Facebook Is Delaying Its IPO Because It Can

The social media company isn't scared of the teetering economy, it just doesn't want to go public

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Unlike other companies worried about the economic climate, confident Facebook isn't rushing into its IPO not because it fears the teetering market, but rather because its hoping to spur internal product innovation rather than encourage buyouts, reports the Financial Times. "Facebook is preparing to launch its blockbuster initial public offering in the US towards the end of next year, a later public debut by the social networking site than had been widely anticipated, say people familiar with the company." Other Internet companies, like Groupon and Zynga, have pushed back their IPOs, but amid fears that the valuations won't fare well in this turbulent time. Facebook claims it has nothing to do with that. "People close to the company have told the Financial Times that Mark Zuckerberg, Facebook’s chief executive, wants to wait until next September or later in order to keep employees focused on product developments rather than a pay-out," continues the Financial Times. Facebook's not worried. The company doesn't really need the money anyway and who wants to answer to shareholders anyway? But we guess when you're the largest social media monster on the planet, you have that luxury.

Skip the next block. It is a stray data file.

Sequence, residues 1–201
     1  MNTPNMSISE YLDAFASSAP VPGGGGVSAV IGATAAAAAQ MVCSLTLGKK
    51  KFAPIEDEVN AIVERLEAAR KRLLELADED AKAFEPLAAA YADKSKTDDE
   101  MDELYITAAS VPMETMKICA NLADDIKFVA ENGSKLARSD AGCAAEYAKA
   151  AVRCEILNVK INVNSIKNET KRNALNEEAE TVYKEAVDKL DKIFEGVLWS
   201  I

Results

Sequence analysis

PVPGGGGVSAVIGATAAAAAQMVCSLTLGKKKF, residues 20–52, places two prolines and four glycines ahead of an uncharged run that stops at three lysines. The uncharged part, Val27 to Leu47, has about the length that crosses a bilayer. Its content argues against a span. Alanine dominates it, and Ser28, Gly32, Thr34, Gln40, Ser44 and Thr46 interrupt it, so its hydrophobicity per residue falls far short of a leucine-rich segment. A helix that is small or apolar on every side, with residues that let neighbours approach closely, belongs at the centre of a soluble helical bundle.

This article is from the archive of our partner The Wire.